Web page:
Opinion is divided, even among pollsters, on who between President Uhuru Kenyatta and opposition leader Raila Odinga will win the General Election. While one pollster has consistently showed that the incumbent, President Kenyatta, has the upper hand against his opponent, the other has consistently showed National Super Alliance’s Raila Odinga closing in and even overtaking the President.
Yesterday, Infotrak predicted a neck and neck race in the presidential contest, with Raila in the lead (49 per cent) against Mr Kenyatta (48 per cent). On the other hand, Ipsos had the incumbent taking the lead with 47 per cent against his main opponent’s 44 per cent, which was one percentage point higher than the previous survey.
The one percentage point, according to Ipsos lead researcher Tom Wolf, could be attributed to the reduced one percentage in the number of undecided voters that stood at six per cent in their previous survey. However, considering the margin of error of +/-1.49 per cent, this cannot be stated conclusively as the number of undecided voters could still be six per cent, just like in the previous survey. Infotrak’s undecided voters stand at two per cent compared to six per cent in their survey conducted between July 16 and 22.
Both pollsters insisted that despite none of the two leaders hitting the 50 per cent mark, a prediction for a run-off is not viable at this stage. “If there will be a run-off, you have to find the total percentage of voters who will prefer the other six candidates to prevent the two attaining the 50 per cent mark,” explained Wolf.
Infotrak’s boss, Angela Ambitho, said the undecided respondents cited voter apathy, feeling disillusioned by both parties, and being unavailable as the major reasons they will not vote on the election day. But a closer look at the surveys shows that while Raila leads in the Infotrak poll with 49 per cent against Uhuru’s 48 per cent and lags behind with 44 per cent against Uhuru’s 47 per cent in the Ipsos poll, President Uhuru appears to still be the preferred candidate.
This is if the margin of error of +/-1 per cent for both polls is included, which places President Uhuru at the same level with Raila in the Infotrak poll at 49 per cent (48+1). But if the same margin of error in Ipsos is applied, President Uhuru is still leading, with the most Raila getting being 45 per cent (44+1).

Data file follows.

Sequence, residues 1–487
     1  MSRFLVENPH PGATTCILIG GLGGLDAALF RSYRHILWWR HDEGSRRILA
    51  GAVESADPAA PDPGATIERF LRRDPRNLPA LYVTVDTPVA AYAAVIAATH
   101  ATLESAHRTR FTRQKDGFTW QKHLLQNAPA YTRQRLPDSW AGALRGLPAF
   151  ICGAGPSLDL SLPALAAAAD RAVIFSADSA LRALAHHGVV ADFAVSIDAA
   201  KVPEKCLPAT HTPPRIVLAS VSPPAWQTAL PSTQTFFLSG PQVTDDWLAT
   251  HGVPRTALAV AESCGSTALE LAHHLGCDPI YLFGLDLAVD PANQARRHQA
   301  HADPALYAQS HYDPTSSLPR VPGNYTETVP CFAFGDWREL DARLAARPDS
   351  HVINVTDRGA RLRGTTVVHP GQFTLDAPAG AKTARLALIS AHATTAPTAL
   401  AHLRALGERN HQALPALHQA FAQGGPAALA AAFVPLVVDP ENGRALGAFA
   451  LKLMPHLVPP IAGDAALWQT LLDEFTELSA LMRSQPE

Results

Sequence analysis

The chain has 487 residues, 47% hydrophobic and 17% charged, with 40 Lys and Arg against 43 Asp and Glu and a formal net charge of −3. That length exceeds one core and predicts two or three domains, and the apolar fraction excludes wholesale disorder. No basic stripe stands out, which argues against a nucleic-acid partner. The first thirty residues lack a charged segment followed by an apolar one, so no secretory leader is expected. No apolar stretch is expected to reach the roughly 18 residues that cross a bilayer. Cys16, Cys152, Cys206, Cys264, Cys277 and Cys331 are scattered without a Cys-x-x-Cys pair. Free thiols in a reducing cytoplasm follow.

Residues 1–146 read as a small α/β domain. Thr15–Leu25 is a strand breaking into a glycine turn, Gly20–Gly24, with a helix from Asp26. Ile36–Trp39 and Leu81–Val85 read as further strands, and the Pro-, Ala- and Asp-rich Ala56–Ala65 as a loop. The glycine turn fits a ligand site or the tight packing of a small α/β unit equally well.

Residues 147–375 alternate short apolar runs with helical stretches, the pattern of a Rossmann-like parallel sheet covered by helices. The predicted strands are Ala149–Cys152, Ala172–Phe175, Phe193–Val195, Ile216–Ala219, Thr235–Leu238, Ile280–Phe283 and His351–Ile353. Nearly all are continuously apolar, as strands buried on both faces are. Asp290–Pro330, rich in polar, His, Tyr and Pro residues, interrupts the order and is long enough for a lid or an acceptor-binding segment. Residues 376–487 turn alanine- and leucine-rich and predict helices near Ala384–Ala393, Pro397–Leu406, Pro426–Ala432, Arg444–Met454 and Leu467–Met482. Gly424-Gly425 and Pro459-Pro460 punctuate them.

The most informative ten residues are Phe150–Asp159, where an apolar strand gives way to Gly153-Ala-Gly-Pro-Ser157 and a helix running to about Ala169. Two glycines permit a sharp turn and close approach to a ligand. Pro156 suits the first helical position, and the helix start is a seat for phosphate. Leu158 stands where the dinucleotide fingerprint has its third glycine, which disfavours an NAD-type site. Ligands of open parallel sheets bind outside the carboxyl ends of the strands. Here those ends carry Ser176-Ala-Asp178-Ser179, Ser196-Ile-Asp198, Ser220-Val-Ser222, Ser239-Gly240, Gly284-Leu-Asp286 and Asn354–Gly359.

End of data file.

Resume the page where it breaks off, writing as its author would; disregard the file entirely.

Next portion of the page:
While Ipsos polled 4,308 people across all the major eight regions (former provinces) with a confidence level of 95 per cent, Infotrack interviewed 5,000 respondents. Raila was leading in Nyanza region, his stronghold, with 63 and 80 per cent in the Infotrak and Ipsos poll respectively. Other areas he was perceived strong are Coast, Eastern, Western , and Nairobi.
But as revealed by Ipsos, the biggest headache for NASA still remains the Western region, which had the biggest number of undecided voters at 14 per cent. Enjoys support This is despite the fact that the region is the turf of NASA co-principals Moses Wetang’ula (Ford-Kenya) and Amani National Congress leader Musalia Mudavadi. “I do not know why this is the case.
It is unclear if the voters have not made up their minds or they are just shy to say whom they will vote for,” said Wolf. Kenyatta enjoys support in Central, Rift Valley, and North Eastern, where he had 48 per cent, according to the Infotrak poll. ALSO READ: Munya leads Kiraitu in poll as ODM governors surge in two counties However, according to Ipsos, Raila is in the lead in North Eastern at 54 per cent against the incumbent’s 40 per cent.
Ambitho said Eastern and North Eastern regions are still swing areas even as Raila has made gains in Rift Valley while Kenyatta has shown marked improvement at the Coast. According to the Infotrak poll, Abduba Dida was at 0.3 per cent and Ekuru Aukot at 0.1 per cent while two per cent of those surveyed said they were undecided. Data for both polls was collected using computer assisted personal interviews.
Read more at: https://www.standardmedia.co.ke/article/2001250012/ipsos-and-infotrak-differ-yet-again-on-who-will-win-presidential-election